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Your country calls, / Niyi, Niyi Osundare
I am missing you ./ I know you sing of my beauty and my pain.
Where are you? / Does some other woman make your bed?

 

 

Books by Niyi Osundare

Songs of the Marketplace  (2006)  / The Word is an Egg  (2005) /  Pages from the Book of the Sun  (2002)  / Two Plays (2006)

Thread in the Loom: Essays (2002) /  The State Visit  (2002)  /  Midlife (2005)  / Moonsongs  (1988)  /  The Eyes of the Earth  (2007)

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Niyi Niyi Osundare

By Lee Meitzen Grue

the name breathes a song
we are learning.
A life with the breath and depth
of a strong table:  Handsome and useful.

A green bottle loosed and twirling in the ocean
rolls up on this riverbank,
within
a poem like music,
no translation needed.

Niyi, you are your country
and you are absent,
its negative space calls for you.
You’ve left words like cornmeal
for your people to follow

Your country calls,
Niyi, Niyi Osundare
I am missing you .
I know you sing of my beauty and my pain.
Where are you?
Does some other woman make your bed?

Forget her.
Sing only of me.
Sing to the woman’s children,
but sing only of me.
I am your beautiful mother.

Niyi, we know your home calls you,
but this too is your home.
Flood waters could not wash you away.
Tonight we celebrate you with ritual:  candles, sage, sparklers,
with many glasses lifted too many times.

We celebrate you as someone who arrives from great distance,
as a man who arrives from the stars.

Grue photo by Phyllis Parun, photographer

posted 17 April 2007

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A Response

Rudy,

May peace flood your heart today. 

It has been a very busy weekend down here in Lagos. I have this morning thoroughly enjoyed the poem on Niyi Osundare by the New Orleans poet,  Lee Meitzen Grue. I suppose it had been written earlier, or has it just been written?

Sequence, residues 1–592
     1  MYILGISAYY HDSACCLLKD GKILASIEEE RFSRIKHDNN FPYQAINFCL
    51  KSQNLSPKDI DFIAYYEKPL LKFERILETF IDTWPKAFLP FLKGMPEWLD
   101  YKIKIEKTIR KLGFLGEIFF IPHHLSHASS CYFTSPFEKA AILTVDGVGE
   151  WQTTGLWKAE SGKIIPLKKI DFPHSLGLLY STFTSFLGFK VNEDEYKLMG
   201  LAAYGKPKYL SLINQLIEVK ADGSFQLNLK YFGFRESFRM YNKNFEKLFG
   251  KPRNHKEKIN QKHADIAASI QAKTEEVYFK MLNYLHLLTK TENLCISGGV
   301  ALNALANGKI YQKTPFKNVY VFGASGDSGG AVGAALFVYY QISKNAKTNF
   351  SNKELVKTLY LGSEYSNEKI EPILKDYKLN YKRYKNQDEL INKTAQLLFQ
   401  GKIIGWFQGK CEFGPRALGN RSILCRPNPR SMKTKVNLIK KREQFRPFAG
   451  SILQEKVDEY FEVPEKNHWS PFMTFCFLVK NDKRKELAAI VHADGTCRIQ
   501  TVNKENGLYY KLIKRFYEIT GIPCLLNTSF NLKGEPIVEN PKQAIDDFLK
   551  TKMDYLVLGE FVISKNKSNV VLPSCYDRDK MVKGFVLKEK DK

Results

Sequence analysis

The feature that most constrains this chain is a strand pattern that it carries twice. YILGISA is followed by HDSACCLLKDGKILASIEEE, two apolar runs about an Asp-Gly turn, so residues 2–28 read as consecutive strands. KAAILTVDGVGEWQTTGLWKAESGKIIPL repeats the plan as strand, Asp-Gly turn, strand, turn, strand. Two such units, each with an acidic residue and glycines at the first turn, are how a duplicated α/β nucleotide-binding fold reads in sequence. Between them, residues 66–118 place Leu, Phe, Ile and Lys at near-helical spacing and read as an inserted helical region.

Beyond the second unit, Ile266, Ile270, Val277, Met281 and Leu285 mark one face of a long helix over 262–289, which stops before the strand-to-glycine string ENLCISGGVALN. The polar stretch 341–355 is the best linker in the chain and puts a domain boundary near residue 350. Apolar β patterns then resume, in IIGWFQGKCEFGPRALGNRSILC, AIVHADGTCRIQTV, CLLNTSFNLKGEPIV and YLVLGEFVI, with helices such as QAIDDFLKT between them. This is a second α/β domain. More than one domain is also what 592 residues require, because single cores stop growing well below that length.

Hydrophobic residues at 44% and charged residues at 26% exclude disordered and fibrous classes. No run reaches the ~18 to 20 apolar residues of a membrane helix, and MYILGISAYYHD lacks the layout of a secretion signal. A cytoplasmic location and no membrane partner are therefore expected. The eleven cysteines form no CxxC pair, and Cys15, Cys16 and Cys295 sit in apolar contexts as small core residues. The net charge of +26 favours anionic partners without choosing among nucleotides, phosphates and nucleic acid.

I couldn't help feeling jealous that someone is pleading with Niyi  to stay put in exile, saying that though Nigeria beckons on him to return, New Orleans cherishes his presence on its land. Can you beat that?

Well, that has been our plight for many years now.  Majority of Nigeria's best minds and original thinkers are all in exile,  because the horrible conditions at home grow worse with each passing day.

 We are stuck with  an insufferably incompetent junta, whose inferiority complex drives into thinking that these writers and great minds are its greatest problem.  And so, it hounds them into exile, and we lose them to other climes. 

Chinua Achebe, for instance,  is out there in New York even at 76! This was a man who had always cherished living in his country, and contributing his  thoughts and ideas to further its progress.

There are many others like him out there scattered in Europe, Asia  and the US, where their persons, talents and services are duly appreciated.  

The April elections have brought no hope to Nigerians. President Olusegun Obasanjo, in an  election adjudged the worst in the nation’s history, has imposed on the nation his anointed candidates who will not ask questions about his massive looting of the nation's resources.   

Power supply  continues to be withdrawn almost the whole days in the week, and so how can a writer function in such a terrible environment?  

I will scan some pages of Osundare's Moonsongs and send them to you. I always find Niyi’s  poems very delicious.